After a very long winter that stretched its icy fingers well into April, I was very relieved last week at sunset to hear the sound of spring peepers.
The first frog of spring, these tiny amphibians are very loud for their size (1-1.5 inches long). If approached in their wetland habitat, their calls are so deafening and resonate, you can feel them like a tickle in your neck and scalp. Even stranger, despite their powerful calls, you rarely see them anywhere. spring peepers are remarkably well camouflaged and at close inspection go silent before you can locate them.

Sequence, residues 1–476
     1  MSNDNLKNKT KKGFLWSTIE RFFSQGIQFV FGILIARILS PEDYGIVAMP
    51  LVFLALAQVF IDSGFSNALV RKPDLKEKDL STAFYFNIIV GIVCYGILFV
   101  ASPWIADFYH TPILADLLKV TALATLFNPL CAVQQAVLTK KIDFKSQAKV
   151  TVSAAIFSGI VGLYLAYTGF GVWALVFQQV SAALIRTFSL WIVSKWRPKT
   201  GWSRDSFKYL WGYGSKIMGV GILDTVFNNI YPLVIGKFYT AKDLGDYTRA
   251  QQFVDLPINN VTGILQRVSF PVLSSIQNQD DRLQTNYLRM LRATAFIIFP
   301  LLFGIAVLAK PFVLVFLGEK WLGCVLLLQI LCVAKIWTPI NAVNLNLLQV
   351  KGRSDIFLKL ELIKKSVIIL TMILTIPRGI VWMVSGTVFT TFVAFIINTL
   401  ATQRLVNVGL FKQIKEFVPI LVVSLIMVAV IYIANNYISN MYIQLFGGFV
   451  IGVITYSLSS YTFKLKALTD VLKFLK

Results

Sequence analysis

If you are lucky enough to spot one, you will note a light X on their tan backs, which accounts for their species name “crucifer” – which means “cross bearing”. Spring Peepers are well adapted for their habitat with tiny suction pads on their toes to help them cling to plants.
Only the males sing. They are nocturnal and will sing all night, searching for a mate. After mating the females lay their eggs in the water attached to an anchored plant. The tadpoles that hatch out are bigger than the adult frog.